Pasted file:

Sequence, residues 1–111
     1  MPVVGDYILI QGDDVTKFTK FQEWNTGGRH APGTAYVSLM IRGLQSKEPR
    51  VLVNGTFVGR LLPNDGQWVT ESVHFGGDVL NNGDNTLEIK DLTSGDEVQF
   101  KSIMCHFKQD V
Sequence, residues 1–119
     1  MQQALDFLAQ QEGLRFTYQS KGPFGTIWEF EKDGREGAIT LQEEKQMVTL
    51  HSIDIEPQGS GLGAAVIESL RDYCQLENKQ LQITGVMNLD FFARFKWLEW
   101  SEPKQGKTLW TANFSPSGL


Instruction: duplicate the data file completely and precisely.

Sequence, residues 1–111
     1  MPVVGDYILI QGDDVTKFTK FQEWNTGGRH APGTAYVSLM IRGLQSKEPR
    51  VLVNGTFVGR LLPNDGQWVT ESVHFGGDVL NNGDNTLEIK DLTSGDEVQF
   101  KSIMCHFKQD V
Sequence, residues 1–119
     1  MQQALDFLAQ QEGLRFTYQS KGPFGTIWEF EKDGREGAIT LQEEKQMVTL
    51  HSIDIEPQGS GLGAAVIESL RDYCQLENKQ LQITGVMNLD FFARFKWLEW
   101  SEPKQGKTLW TANFSPSGL